West Palm Beach Assault & Battery Lawyer
Two of the most common criminal charges in Florida are assault and battery. Many people do not actually understand how the two crimes differ or what they involve. For one thing, the victim does not necessarily have to sustain any serious or life-threatening injuries for their attacker to face criminal charges.
While many simple assault and battery cases are misdemeanors, a conviction can still leave the accused with a criminal record. If you are looking to avoid such an outcome, a skilled West Palm Beach assault & battery lawyer may be able to help. At the Law Office of Scott N. Richardson, P.A., we represent clients charged with everything from simple battery to felony aggravated assault.
What Is the Difference Between Assault and Battery in Florida?
Although “assault and battery” are often stated together, they are in fact separate criminal offenses. Under Florida law, an assault means making an intentional, unlawful threat to harm another. Now, simply making a threat is not always assault. The actor must have the “apparent ability” to follow through and the threat itself must cause someone else to fear for their immediate safety.
In contrast to making threats, a battery involves making intentional and actual physical contact with another person against their will or intentionally causing them bodily harm. The important thing to understand about battery is that the degree of contact is irrelevant. In other words, if you shove someone, that is battery. Even if the victim suffers no physical injury as a result of the contact, the attacker can still be charged with criminal battery.
Simple assault is considered a second-degree misdemeanor in Florida, while simple battery is a first-degree misdemeanor. These may not be felonies but they can still lead to some jail time. In the case of simple assault, the maximum penalty is 60 days in jail and a $500 fine, while simple battery can mean up to 1 year in jail and a $1,000 fine.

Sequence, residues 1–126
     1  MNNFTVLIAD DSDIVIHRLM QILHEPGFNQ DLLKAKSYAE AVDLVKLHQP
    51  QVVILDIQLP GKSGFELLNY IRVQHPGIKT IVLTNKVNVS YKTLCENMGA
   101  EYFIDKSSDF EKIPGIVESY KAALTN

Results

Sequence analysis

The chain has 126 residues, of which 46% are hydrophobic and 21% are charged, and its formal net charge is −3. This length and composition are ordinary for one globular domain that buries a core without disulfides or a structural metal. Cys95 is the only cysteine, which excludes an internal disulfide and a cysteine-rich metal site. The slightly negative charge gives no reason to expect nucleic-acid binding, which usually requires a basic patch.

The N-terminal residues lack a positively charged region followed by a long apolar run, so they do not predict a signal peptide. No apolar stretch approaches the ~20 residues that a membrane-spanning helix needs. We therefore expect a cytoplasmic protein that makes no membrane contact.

There are, however, a number of circumstances that can elevate simple assault and battery misdemeanors to more serious felonies. If an assault or battery involves the use of a deadly weapon, such as a firearm, prosecutors can charge the defendant with aggravated assault or battery, which are third- and second-degree felonies, respectively. Again, it is important to emphasize that assault does not require any physical contact with the victim. If a person brandishes a weapon and threatens to hurt someone, that is considered aggravated assault even if the weapon is never used.
Contact the Law Office of Scott N. Richardson Today
Even in misdemeanor cases, an assault or battery conviction can have serious consequences for your life moving forward. That is why you must be prepared to defend yourself in court and assert your legal rights. A qualified West Palm Beach assault & battery lawyer can provide you with valuable advice and representation. So if you need to speak with an attorney about a pending case, contact the Law Office of Scott N. Richardson, P.A., today.